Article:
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How to save money with balance transfers

How to save money with balance transfers

Transferring your credit card balances from your higher interest credit cards can be an excellent one-time solution for you to reduce your debt.

How to save money with balance transfers

Whether you carry a Discover, Visa, American Express or MasterCard, high credit card balances coupled with high interest rates can put a hefty strain on your wallet. If this sounds like you, transferring your balance might be answer you are looking for.

Indeed, transferring your credit card balances from your higher interest credit cards can be an excellent one-time solution for you to reduce your debt. In addition, the more balance transfers you enact, the more open credit lines you have. Having too much debt or high outstanding balances can adversely affect your credit score.

Before you decide whether a balance transfer credit card is right for you, you should Scour the fine print for balance transfer fees, check that the introductory APR applies to both new purchases and the transferred balance, and determine under what circumstances your new credit card company can change your fees or interest rates.

Credit card balance transfers require smart research on your part as a consumer, fine attention to detail, and most importantly, diligence in paying off your balance.

Many balance transfer credit cards are very attractive because they offer APR rates that dip under 3.0%. However, these rates rarely last longer than a short introductory period, and can increase as much as 400% after the initial period.

There are some balance transfer offers that have a fixed low APR rate for the life of your balance, meaning that your APR rate does not change until you pay off the entire balance. Transferring your credit card balance can also incur standard fees of up to 4% of the amount transferred. Additionally, balance transfers are sometimes treated as cash advances, which often accrue daily interest.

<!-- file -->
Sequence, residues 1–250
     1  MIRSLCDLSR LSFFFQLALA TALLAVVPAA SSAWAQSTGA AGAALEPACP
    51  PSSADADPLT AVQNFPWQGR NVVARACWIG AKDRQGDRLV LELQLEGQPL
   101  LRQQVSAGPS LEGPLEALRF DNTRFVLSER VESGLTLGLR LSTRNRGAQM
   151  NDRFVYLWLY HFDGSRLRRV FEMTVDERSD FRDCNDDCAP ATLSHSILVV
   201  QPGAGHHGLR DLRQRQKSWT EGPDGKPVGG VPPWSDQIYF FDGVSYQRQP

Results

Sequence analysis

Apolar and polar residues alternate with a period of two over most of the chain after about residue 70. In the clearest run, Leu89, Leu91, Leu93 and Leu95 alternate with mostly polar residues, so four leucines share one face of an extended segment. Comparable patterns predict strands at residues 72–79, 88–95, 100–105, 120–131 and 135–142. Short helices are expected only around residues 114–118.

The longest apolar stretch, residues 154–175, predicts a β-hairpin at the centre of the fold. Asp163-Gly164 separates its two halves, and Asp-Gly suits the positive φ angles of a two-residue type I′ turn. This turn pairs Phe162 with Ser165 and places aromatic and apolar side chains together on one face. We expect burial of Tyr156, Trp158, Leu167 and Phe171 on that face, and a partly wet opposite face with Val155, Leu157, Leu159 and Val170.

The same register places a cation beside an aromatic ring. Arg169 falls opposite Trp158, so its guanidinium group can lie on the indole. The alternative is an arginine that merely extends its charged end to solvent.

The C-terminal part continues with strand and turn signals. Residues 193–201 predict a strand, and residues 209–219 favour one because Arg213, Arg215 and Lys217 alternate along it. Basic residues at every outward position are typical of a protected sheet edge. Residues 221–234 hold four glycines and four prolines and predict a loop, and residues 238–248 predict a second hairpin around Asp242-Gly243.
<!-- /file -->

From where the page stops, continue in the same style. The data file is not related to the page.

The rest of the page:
Once you get a full grasp of the total costs of transferring your balance, the actual process of balance transfers is relatively effortless. Simply contact your new card issuer and fill out the necessary paperwork. Sometimes credit card companies require that you provide details of the accounts that you wish to transfer balances from when you submit your application for your new credit card.

If you expect to continue carrying a balance, alow interest credit card can be very useful. It is reasonable to continuously switch cards to chase the lowest APR on the market, but make sure you stay alert to the time constraints of the introductory rates.

After you make the switch, do not simply ignore your old credit card service. To avoid further debt, it is a good idea to make the minimum payment on your old card while the transfer process takes place, which can last up to four weeks. Finally cancel your old card.

If you think that a balance transfer credit card is right for you, keep an eye out for the best balance transfer offers available that you may qualify for depending on your credit rating.

There are many good credit credit cards that offer 0% introductory APR on balance transfers, some up to a full 12 months. Some credit cards have a higher balance transfer rate, but may charge no balance transfer fee and cash back, while others allow you to customize your features and rates on your credit card according to your needs. Even if your credit is not perfect, you may still benefit from a lower interest balance transfer credit card.

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